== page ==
Home > Articles > Programming > Java

Java Patterns for MPLS Network Management, Part 1

Ever wonder why programming always seems to take longer than expected? Or why what appeared to be simple tasks often end up being very difficult? Many developers don’t use programming patterns nearly as often as they should. In this article, Stephen Morris shows how MPLS network management can be simplified using two Java patterns.
Like this article? We recommend

Like this article? We recommend

The networking industry often reminds me of the 1980s pre-IBM PC software sector—you can have anything as long as it’s a proprietary solution! Characterized by many competing vendors, the networking industry now labors under the burden of non-standard, multivendor architectures. This is seen in service provider and enterprise networks in the form of an overly rich mix of software and hardware cobbled together to provide a growing range of services. Traditional service revenues are shrinking as demand for bandwidth and the demand for new real-time services is growing.

Cisco Systems is emerging as the dominant vendor, but its products are still de facto standards. The lack of a standard platform is complicating the migration to converged IP-based networks. As in the 1980s software industry, the problem is the need for a convergence technology that provides a standard platform (just as the IBM PC and DOS operating system did back then).

Today, MPLS has moved beyond the hype and is still a good candidate for providing such a platform; MPLS is being deployed worldwide by hundreds of service providers. So, why is MPLS so special compared to its predecessors ATM and Frame Relay (FR)? In a nutshell, ATM and FR have scalability problems and they don’t provide easy integration with IP. MPLS succeeds by leveraging proven IP protocols and separating control and forwarding into distinct components.

Componentizing control and forwarding means that the former can be made arbitrarily complex without compromising the packet forwarding mechanism. The control component can be used to perform complex algorithms on incoming IP traffic, such as queue assignment and path selection while leaving the forwarding component untouched. This separation means that forwarding can be performed in hardware if required. Let’s now take the dime tour of MPLS.

MPLS Nuts and Bolts

MPLS provides the following major elements:

  • A virtual circuit-based model (rather than IP hop-by-hop) are called label switched paths (LSPs). One of the Java patterns I use illustrates virtual circuits.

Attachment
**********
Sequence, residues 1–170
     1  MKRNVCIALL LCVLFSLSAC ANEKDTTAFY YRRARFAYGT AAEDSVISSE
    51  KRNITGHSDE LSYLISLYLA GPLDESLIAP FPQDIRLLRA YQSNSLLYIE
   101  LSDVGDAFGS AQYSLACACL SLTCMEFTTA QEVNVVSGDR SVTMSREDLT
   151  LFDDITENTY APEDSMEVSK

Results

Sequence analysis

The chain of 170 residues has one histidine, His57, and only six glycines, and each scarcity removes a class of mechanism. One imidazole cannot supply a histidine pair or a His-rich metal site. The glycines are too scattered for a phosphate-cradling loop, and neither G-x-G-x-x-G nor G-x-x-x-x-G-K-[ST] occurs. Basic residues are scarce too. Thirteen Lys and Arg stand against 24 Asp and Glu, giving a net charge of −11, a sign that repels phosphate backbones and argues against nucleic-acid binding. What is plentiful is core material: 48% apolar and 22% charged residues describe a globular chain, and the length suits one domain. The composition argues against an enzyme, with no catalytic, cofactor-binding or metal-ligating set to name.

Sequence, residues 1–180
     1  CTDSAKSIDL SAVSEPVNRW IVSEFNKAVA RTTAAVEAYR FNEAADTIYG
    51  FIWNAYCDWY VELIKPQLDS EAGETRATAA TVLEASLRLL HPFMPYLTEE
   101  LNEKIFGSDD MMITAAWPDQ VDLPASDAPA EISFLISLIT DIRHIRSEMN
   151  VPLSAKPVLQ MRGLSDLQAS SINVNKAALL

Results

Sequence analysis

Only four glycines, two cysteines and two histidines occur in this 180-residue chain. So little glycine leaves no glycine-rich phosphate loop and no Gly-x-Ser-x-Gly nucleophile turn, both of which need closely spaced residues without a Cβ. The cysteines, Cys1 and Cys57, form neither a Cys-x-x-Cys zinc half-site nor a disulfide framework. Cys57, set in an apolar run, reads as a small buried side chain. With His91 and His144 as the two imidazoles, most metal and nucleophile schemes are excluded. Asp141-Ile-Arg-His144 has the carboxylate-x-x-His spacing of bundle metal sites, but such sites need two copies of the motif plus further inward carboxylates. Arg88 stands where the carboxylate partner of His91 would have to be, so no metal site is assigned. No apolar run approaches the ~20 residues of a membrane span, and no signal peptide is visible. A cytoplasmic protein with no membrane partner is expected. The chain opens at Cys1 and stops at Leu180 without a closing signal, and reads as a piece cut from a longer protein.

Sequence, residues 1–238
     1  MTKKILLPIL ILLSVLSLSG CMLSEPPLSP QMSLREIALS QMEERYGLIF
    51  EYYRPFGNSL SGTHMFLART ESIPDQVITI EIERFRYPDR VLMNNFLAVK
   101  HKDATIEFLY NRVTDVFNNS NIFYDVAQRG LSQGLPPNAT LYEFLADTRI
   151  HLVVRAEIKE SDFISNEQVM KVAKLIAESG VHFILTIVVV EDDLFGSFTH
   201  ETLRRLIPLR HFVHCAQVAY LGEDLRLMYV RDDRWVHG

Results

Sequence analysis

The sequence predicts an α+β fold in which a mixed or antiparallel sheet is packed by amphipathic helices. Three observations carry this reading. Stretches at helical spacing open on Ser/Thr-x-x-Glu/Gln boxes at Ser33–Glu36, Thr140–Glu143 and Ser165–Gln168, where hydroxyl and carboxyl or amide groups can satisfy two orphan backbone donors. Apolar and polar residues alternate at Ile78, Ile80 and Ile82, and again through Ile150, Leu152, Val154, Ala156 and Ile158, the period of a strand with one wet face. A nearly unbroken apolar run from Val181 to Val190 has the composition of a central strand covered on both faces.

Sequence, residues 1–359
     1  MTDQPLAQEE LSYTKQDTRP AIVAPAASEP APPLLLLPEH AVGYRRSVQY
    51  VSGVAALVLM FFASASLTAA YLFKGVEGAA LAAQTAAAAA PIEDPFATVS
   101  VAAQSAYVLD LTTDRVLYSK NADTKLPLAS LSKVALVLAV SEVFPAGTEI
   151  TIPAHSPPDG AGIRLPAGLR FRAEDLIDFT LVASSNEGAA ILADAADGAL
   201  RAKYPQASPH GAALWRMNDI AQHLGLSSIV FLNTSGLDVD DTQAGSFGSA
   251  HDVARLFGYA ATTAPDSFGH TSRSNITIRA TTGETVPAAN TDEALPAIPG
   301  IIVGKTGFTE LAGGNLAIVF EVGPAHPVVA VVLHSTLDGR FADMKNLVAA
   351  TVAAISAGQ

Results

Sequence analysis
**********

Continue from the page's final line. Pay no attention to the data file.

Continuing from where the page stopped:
• Nodes that understand IP and MPLS are typically called label edge routers (LERs). LERs encapsulate traffic from the outer domain. This traffic can be either layer 2 (Ethernet, ATM, FR, etc.) or layer 3 (IP).
  • Core nodes inside the MPLS domain are called label switching routers (LSRs).
  • Traffic engineering (TE) allows traffic to be explicitly directed through the core.
  • Quality of service (QoS) allows resource reservation for different traffic types—e.g., bandwidth, queues, colors, etc. IP offers just one QoS level: Best Effort.
  • Migration from legacy technologies, such as ATM and FR.
  • Differentiated Services allows specific traffic to enjoy better service—e.g., real-time voice packets versus email packets.
  • Deployment of IP-based services such as layer 2 and layer 3 VPN.

We’ll see most of these in the following discussion. Figure 1 illustrates a corporate HQ with a remote branch office interconnected by a service provider network. The HQ site enterprise architecture supports a range of applications, including voice-over-IP (VoIP), video-over-IP, email, etc. Access to these applications is available over the MPLS-based service provider network.

Figure 1 illustrates two LSPs (LSP 1 and LSP 2). Both LSPs have been configured with explicit route objects (EROs): LSP 1 follows the path made up of the interfaces { d, e, f, g, h, i} on nodes { LER A, LSR A, LSR B, LER B }.

LSP 2 follows the path made up of the interfaces { c, j, k, l } on nodes { LER A, LSR C, LER B }. Typically, the above interfaces would be recorded as IP addresses (e.g., d =—I use symbols just for simplicity. Selecting paths that optimize network resource utilization in advance of circuit creation is called traffic engineering. One of the Java patterns I’ll use illustrates TE.

Figure 1

Figure 1 Multisite enterprise using IP/MPLS service provider.

LSP 1 has also been configured to reserve bandwidth (in a process called QoS provisioning) along its path of 2Mbps (i.e., 2 million bits/second). This means that the real-time VoIP and video-over-IP traffic can be MPLS-encapsulated and pushed onto this path. LSP 1 terminates on LER B where any MPLS information is stripped from the packets. At this point, a normal IP lookup occurs, and the real-time traffic is forwarded to either the adjacent transit service provider or the branch office via CE2.

LSP 2 has no bandwidth resources reserved; it offers a Best Effort (or standard IP) QoS. This LSP is used to forward the SMTP (email) traffic across the core to LER B. Again, at LER B, the MPLS information is stripped away and normal IP lookup occurs. The traffic is then forwarded to CE Router 2 in the direction of the branch office site.